Thinking About You
May 11, 2021
Some of the first words of comfort we hope to hear during a crisis are simple phrases that convey how others are thinking of us, rooting for us, and supporting us in challenging times. Those words can bring incredible relief, because we are reassured that we are not walking alone. If those words are paired with action, our hope is buoyed to an even great extent.
“When the COVID-19 pandemic started, we were just trying to get our feet under us, and it felt like we were scrambling to navigate how to be a church in the early days and weeks of this crisis. While that was happening, TMF reached out to us in a very proactive manner to tell us they were thinking of us and to let us know they had thought through some strategies they believed would take some of the pressure off of our church,” Senior Pastor Scott Heare shared.
Soon after that conversation, Lake Travis UMC in Austin, Texas took advantage of the Loan Assistance Program TMF opened to churches during the pandemic. The three-month deferral of their loan payments meant the church could do everything they needed to transition to online worship and make other church activities digital as well.
Moreover, it gave the church the flexibility they needed to extend the same sentiment of hope that TMF had offered them to their own preschool teachers. Almost as soon as the pandemic began schools and preschools started closing their doors. The teachers in their preschool would be out of work for an indefinite period of time, but the Loan Assistance Program allowed the church to continue paying their teachers. In moments that could have financially devastated families, the church reminded their preschool teachers that they were thinking of them and would walk with them during this unprecedented crisis.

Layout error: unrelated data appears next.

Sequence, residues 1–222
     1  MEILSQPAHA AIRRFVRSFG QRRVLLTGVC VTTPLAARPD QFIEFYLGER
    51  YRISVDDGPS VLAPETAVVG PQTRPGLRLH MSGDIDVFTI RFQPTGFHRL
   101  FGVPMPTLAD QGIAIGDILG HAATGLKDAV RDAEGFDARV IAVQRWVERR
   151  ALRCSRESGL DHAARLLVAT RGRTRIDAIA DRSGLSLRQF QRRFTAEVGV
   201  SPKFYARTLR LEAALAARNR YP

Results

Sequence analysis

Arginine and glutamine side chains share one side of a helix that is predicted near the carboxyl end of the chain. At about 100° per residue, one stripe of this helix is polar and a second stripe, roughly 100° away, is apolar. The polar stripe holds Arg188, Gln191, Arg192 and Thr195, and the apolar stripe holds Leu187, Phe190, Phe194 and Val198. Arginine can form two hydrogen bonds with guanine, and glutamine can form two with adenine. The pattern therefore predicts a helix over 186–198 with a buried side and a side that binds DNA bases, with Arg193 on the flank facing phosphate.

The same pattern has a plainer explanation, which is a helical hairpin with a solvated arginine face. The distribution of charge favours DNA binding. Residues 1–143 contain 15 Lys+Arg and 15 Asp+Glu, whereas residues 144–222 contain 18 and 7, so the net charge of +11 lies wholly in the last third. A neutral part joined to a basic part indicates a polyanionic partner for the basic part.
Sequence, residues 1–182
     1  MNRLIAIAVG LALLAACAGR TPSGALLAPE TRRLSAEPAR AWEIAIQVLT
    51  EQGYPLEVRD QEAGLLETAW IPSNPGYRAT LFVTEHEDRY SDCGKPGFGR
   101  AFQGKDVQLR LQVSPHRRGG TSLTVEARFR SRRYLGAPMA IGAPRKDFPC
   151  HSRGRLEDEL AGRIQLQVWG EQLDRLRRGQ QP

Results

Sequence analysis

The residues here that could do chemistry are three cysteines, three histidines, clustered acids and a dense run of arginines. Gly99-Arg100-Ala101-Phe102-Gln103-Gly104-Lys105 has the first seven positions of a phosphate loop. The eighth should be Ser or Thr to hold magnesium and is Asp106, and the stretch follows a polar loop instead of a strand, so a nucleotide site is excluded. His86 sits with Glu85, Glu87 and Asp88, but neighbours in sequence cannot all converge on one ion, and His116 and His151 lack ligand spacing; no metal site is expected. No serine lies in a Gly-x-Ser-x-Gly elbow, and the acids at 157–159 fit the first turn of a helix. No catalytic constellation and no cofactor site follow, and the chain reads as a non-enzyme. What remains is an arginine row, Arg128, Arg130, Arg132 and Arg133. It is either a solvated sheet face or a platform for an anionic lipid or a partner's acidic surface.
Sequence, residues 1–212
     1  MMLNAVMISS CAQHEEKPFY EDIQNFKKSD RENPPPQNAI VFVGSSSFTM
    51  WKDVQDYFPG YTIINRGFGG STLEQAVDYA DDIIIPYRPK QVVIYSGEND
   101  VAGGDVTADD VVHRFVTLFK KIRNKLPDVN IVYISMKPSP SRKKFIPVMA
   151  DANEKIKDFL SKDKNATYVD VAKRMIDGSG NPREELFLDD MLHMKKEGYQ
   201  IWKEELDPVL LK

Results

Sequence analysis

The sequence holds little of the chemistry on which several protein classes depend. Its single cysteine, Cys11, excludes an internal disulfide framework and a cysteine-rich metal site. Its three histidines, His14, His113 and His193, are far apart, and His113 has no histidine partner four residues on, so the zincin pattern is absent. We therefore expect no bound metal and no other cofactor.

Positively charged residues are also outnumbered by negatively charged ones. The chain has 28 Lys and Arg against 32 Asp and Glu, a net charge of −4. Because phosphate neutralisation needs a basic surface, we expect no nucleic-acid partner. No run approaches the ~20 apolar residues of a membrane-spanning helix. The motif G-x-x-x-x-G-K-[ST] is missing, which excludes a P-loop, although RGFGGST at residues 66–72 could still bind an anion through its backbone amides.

With the weight of financial worries lifted during the beginning of the pandemic, church leaders could not only secure their staff and take their worship online, but they could focus on what their ministries and community outreach would look like during the pandemic and beyond. They made decades worth of transitions with their online capabilities for worship and meetings in the span of months. Additionally, they made strides in congregational care in a time of isolation, utilized their Wesley nurse to ensure unreached community members had important information and resources to fight the spread of COVID, amplified their ability to deliver food to those in need, and began to discuss how their church would look after the pandemic ended.
“COVID really forced us to look at things we did not want to look at and determine how we would move forward,” Scott said with a pause. “I think it has also showed us that everything is not just on hold until we can come back together fully. That is not realistic. The world has changed. There has been a real shift.”
For Lake Travis UMC, that means the hybrid model of worship with infrastructure for online services will remain intact post-COVID. Even as the worst of the pandemic seems to be waning, the exceptional transitions in ministry that are still to be made in the wake of a changed world are great. Along this new journey, TMF will continue doing what it does best, offering words of support paired with action to bring the world of God’s imagination to life.